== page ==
Lukas Walter (@lukas_walter_photography) is a wildlife photographer who loves to travel to Africa from the open plains in East Africa to the thick bush in southern Africa. He is also passionate about the underwater world, particularly marine life. We sat down with Walter to learn what he brings with him on a shoot. We learned that what he carries changes depending on the adventure. Continue reading to learn more about Walter’s gear and go-to accessories!
From safari to sea, this wildlife photographer relies on several Sony Alpha cameras and Sony G Master lenses to document beautiful creatures.
Sony Alpha 1: This is my main workhorse both topside and underwater. Because of the stacked sensor it is fast, can track subjects very accurately and the 50MP lets you crop if needed while retaining great detail. From a bird in flight or a predator on the hunt, if there is any action happening this is the camera I want. Even if it is not fast action, the camera delivers great detail and dynamic range. In addition, the 1/400 sync speed for strobes comes in handy underwater.
"This is one of my favorite pictures I took last year. It shows a lemon shark during sunset in the Bahamas. As there was quite the swell it took me many tries to get a good image but I’m happy with the result." Photo by Lukas Walter. Sony Alpha 1. Sony 16-35mm f/2.8 G Master. 1/400-sec., f/14, ISO 250
Sony Alpha 7R V: Being in dusty places a lot, I don't like swapping lenses and often with wildlife there is no time to do so. Therefore I have this camera as my second camera. It is not as fast as the Sony Alpha 1 but I love the subject recognition, dynamic range and the image quality it produces. There is no better camera for this price point, it is truly a beast built in a tiny frame.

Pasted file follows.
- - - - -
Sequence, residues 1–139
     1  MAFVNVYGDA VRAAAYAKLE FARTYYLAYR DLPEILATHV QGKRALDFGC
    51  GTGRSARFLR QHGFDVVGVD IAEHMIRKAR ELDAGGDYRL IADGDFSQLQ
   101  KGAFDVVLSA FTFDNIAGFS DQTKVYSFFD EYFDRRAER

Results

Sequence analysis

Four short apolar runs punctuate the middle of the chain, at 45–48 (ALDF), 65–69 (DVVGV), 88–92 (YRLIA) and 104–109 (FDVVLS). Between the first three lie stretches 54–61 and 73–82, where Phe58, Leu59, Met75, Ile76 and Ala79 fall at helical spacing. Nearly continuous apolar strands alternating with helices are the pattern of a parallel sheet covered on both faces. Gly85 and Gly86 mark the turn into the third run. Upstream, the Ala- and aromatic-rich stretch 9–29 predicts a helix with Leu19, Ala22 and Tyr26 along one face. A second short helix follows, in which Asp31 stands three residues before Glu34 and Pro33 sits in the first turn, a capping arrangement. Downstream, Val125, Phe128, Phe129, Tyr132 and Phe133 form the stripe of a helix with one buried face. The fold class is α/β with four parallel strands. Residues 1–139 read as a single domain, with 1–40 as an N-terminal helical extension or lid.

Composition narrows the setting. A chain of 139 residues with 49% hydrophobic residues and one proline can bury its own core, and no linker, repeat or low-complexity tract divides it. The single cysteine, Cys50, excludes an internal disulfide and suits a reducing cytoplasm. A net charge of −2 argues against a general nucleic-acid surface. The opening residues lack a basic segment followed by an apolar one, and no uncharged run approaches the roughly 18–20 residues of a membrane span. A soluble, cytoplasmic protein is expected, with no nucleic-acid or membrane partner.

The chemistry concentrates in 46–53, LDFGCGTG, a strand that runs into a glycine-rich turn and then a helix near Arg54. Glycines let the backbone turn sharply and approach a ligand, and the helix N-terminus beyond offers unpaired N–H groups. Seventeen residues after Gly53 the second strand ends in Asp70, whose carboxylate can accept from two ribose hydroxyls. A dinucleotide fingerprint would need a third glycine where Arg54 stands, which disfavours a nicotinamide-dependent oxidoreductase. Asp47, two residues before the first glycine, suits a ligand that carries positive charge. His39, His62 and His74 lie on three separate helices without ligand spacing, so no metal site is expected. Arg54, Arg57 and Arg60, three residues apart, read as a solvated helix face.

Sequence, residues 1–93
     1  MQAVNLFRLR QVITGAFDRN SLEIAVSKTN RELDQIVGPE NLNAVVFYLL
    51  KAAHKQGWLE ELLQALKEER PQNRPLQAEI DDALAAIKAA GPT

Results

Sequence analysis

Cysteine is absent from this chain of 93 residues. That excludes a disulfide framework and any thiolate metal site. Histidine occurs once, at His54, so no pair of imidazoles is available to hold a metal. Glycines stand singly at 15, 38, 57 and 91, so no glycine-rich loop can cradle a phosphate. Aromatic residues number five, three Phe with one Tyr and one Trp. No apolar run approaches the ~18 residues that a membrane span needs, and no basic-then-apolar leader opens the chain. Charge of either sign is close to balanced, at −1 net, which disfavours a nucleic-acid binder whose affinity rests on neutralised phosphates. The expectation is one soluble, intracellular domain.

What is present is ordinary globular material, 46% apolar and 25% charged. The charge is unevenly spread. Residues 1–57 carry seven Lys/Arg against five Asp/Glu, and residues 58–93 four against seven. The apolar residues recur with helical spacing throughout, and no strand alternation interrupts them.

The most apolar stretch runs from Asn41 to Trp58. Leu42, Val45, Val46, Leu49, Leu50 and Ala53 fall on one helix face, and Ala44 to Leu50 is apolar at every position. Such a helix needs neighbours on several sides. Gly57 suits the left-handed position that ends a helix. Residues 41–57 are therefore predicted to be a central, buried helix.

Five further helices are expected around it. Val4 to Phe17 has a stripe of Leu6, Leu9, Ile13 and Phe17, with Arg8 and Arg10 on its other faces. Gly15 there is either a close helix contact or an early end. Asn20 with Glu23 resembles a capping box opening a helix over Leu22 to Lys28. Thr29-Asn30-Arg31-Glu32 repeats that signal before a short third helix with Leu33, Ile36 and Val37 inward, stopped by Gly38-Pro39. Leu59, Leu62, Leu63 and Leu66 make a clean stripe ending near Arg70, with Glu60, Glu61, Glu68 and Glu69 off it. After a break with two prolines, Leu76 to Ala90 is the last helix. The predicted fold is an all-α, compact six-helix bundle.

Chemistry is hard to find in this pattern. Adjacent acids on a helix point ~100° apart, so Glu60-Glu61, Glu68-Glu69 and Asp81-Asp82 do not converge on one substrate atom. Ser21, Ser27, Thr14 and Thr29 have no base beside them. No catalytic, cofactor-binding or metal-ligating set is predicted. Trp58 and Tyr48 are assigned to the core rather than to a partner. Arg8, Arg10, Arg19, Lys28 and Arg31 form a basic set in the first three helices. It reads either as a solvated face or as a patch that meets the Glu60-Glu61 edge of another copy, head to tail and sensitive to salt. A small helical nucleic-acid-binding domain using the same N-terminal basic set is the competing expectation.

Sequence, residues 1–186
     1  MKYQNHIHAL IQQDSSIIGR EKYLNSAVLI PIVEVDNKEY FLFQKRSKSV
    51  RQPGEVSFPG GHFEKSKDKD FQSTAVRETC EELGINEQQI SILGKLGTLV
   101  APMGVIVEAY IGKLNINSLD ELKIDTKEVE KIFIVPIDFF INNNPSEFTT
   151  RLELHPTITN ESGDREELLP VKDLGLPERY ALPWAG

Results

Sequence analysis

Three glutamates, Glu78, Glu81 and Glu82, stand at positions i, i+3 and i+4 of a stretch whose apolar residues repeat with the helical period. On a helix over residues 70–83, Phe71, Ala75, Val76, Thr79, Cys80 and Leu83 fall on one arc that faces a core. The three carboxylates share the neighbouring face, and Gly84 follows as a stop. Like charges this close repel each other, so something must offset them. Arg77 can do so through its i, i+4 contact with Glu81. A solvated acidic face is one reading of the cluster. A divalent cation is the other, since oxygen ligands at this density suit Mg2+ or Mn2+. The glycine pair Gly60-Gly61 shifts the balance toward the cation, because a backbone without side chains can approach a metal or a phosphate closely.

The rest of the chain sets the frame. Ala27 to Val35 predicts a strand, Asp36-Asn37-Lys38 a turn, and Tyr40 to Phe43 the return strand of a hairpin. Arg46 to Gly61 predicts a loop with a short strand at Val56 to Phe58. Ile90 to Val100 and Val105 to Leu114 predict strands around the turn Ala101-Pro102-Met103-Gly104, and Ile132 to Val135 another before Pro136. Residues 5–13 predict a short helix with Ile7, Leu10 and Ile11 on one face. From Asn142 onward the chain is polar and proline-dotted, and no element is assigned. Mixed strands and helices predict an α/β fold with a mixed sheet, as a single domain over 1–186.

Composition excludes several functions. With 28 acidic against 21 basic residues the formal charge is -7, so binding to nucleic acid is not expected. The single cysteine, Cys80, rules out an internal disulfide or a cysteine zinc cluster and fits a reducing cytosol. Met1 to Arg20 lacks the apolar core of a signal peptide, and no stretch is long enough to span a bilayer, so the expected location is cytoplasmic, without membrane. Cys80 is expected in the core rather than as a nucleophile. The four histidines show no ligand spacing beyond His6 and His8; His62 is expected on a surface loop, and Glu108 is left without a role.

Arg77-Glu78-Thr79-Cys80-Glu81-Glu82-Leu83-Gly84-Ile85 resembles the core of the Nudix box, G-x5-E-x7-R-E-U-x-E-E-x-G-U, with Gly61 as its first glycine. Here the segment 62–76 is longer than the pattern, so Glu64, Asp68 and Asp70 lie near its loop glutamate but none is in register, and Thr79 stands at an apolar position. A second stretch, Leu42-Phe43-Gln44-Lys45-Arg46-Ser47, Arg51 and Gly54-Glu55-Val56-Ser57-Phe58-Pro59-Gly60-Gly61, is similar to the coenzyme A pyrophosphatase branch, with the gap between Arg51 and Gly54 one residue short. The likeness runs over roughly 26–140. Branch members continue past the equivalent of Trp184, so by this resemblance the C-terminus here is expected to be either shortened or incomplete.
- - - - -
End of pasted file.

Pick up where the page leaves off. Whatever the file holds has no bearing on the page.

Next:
"This image was taken on a recent trip to the Sabi Sands, South Africa. It is quite cropped in, and I’m impressed how much detail the Sony Alpha RV was able to capture of this male leopard. The subject recognition was flawless." Photo by Lukas Walter. Sony Alpha 7R V. Sony 400mm f/2.8 G Master. 1/800-sec., f/2.8, ISO 160
Sony Alpha 7 III: This was my first full frame camera and until recently it was my second camera. I still keep it as back-up, just in case. The camera still produces beautiful images and fares very well in low-light. This is a tried and true camera that holds a special place in my heart. I have many wonderful memories out photographing with this camera.
Sony 400mm f/2.8 G Master: This is my favorite lens. The image quality and sharpness it produces is outstanding. Being able to go to f/2.8 helps with getting those creamy backgrounds and helps a lot in low light. Wildlife often gets active when the sun is low and in those kinds of situations it lets you shoot much longer; I can continue shooting well into blue hour without worrying about the images being noisy. Despite the size the lens is quite light and you can still easily handhold it and shoot. If you are interested in photographing wildlife, this should be your first purchase.
"This is again the elephant Boswell in Mana Pools, Zimbabwe. We were on foot and the elephants walked towards us. To avoid any confrontation we started to back off. As I turned around Boswell was in this beautiful light and I quickly had to take a few pictures before making more distance between us and the elephants. It was no problem to handhold the 400 f/2.8." Photo by Lukas Walter. Sony Alpha 1. Sony 400mm f/2.8 G Master. 1/640-sec., f/3.5, ISO 800
Sony 70-200mm f/2.8 G Master II: Having a fixed focal length in the Sony 400mm f/2.8 G-Master can sometimes be a bit limiting. Especially when you want to include the habitat the wildlife is living in. Therefore the Sony 70-200mm f/2.8 G-Master II is the perfect addition. It gives me the flexibility that comes with a zoom but still maintaining the low light capabilities. The image quality the lens produces is outstanding and it is fast focusing and lightweight. This zoom paired with the fixed 400 allows me to create a variety of different images in any given scene. And I’m never compromising quality for weight.